Organizational Politics

Do you remember the Microsoft Windows game Minesweeper? You had a game board covered with squares that could contain bombs. The goal was to clear the board without blowing yourself up. It wasn’t impossible; but you needed to think through things and develop a strategy to accomplish the goal.

Organizational politics can be a lot like Minesweeper: You’re likely to blow up if you don’t consider a few things first.

Before we get to that, however, let’s define organizational politics. It’s the process of leveraging an informal network to accomplish a task or goal. Organizational politics can be negative when solely used to promote self-interest and the agenda of the individual over the well-being of the organization. Most of us associate organizational politics with negativity; but, it can be a positive practice when goals are accomplished by keeping the greater good of the organization in mind.

Good organizational politics begins with corporate understanding of the mission or goals, collaboration with others and an appreciation of both group and individual motivations.

Understand the Mission

Generally, employees understand the large, overarching goals of their organization. It becomes more difficult to recognize when you parse down to smaller organizational components and even harder still when we move into individual project teams. Although it may seem tedious, it’s important to draw the connection from the organization’s goals to your team’s mission. How does team mission map to organizational goals? If you are the team lead, help your team see the connection; and as a team member, seek to understand the links. Team leads should be able to lead you through project charters and keep you informed. When you engage in good organizational politics, your motivations help the organization in achieving its goals.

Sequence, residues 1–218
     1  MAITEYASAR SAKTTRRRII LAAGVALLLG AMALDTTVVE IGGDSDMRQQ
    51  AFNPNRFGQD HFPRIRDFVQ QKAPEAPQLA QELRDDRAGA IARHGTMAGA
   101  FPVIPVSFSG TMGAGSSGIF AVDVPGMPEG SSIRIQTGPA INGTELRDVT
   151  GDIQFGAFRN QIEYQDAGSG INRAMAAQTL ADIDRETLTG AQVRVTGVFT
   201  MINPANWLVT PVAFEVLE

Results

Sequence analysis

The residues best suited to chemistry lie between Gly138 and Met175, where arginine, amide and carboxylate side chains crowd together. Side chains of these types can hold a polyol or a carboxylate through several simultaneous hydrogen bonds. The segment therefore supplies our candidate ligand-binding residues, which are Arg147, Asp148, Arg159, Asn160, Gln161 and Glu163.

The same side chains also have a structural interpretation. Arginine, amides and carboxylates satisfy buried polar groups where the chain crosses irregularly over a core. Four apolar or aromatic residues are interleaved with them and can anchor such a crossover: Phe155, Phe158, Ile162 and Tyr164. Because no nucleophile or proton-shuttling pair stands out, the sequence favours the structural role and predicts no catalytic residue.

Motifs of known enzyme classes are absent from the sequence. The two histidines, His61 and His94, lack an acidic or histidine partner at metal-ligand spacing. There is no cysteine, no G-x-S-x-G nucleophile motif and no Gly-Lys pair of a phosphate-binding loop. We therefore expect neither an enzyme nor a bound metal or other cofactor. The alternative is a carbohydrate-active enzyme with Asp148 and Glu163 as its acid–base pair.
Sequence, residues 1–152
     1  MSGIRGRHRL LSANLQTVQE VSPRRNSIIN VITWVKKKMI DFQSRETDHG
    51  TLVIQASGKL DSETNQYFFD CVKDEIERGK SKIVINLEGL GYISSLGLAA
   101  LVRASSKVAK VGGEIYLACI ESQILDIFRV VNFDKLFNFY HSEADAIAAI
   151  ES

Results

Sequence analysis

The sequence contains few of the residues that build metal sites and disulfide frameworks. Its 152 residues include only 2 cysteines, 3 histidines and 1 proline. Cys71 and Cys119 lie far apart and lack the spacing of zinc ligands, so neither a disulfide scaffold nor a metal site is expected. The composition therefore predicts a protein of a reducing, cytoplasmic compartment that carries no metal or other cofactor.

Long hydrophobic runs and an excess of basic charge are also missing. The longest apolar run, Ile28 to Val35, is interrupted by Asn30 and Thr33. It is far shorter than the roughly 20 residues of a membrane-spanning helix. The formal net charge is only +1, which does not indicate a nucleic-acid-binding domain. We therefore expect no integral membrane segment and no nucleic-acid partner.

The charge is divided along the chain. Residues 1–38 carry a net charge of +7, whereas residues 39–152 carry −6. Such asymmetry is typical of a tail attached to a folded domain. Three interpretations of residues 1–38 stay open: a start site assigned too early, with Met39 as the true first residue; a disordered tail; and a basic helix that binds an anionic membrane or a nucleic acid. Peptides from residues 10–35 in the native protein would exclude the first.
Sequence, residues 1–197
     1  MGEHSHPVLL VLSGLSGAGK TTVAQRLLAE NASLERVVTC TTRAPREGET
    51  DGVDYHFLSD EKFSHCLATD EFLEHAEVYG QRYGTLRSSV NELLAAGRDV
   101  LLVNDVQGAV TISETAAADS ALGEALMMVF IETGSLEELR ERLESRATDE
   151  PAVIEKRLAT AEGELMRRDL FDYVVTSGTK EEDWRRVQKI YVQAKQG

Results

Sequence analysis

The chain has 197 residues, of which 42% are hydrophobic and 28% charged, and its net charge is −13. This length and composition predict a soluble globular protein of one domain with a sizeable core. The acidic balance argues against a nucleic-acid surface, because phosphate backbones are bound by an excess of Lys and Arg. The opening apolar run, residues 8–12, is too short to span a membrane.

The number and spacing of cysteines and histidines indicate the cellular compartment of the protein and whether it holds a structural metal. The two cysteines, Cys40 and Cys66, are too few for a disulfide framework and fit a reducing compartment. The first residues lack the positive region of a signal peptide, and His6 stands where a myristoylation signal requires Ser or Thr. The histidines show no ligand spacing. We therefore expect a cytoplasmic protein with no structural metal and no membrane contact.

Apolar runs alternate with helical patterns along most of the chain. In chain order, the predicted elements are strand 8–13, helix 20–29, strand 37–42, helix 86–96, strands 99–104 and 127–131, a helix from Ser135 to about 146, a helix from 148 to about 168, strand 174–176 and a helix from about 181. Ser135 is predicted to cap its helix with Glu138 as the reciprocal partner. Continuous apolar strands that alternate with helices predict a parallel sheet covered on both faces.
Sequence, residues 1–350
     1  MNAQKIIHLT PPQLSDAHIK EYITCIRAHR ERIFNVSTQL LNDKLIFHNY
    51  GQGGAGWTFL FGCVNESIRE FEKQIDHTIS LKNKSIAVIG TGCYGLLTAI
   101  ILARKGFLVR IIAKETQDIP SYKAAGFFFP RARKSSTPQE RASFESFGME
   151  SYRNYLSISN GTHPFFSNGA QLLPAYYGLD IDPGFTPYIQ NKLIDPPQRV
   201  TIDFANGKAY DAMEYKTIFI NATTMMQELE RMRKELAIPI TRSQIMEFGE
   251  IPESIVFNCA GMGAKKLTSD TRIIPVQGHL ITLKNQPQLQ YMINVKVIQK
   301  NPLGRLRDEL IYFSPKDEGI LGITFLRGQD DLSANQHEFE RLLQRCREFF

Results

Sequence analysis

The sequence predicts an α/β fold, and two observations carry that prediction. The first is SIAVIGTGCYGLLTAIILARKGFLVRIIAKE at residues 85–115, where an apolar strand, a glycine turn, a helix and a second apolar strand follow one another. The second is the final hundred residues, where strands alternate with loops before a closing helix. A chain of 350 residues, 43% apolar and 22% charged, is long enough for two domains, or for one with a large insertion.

Getting things done is nearly impossible in today’s professional environment without working with others. Organizational goals are often complex and challenging. Going it alone is almost always a sure way to failure. That means aligning yourself with people who possess skills and networks that complement and add to your own talents. In good organizational politics, we collaborate with others to improve the organization’s abilities, even if that means reaching out to another team within the organization or an outside partnership. Success is more likely when individuals work together to achieve a common goal. In-fighting nearly always ends poorly, and rivalries should remain in sports, not business.

Recognize Motivations

It’s easier to collaborate when you understand someone’s motivations, but don’t attach judgment to it. Motivations are motivations and it’s not up to us to determine if they are good or bad. Agendas becomes clear when we understand motivations, making it easier to work with people. But remember, it’s not just what people say that motivates them; it’s also their actions. Realizing motivations takes practice and patience, and being wrong at times is par for the course. Make the effort though. Once you identify someone’s motivation, opening certain doors becomes easier. You know how to present your case and who will be the best influencer to help you achieve your goal. In good organizational politics, organizational goals are also furthered.

While navigating organizational politics, never forget the importance of integrity and honesty. It doesn’t take long to smell a rat trying to manipulate people to better their own situation. On the other hand, coworkers also begin to recognize you as a team player — willing to get the job done and improve the organization with the proper drive. Working toward common goals or collaborating is the best way to engage organizational politics. Just like in Minesweeper, you may still hit a bomb occasionally, but you will succeed more often than you fail.

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Written by Mike Fullerton
Mike Fullerton, PMP, is the Director of Edwards Performance Solutions' Civilian & National Defense Strategic Business Unit. He leads all strategic initiatives, including capture and delivery, for the unit. Mike has 17-plus years of experience in program management. He holds a master of arts in leadership and culture as well as a bachelor of science in psychology. For more information about Mike, click here or visit the Edwards Performance Solutions website.
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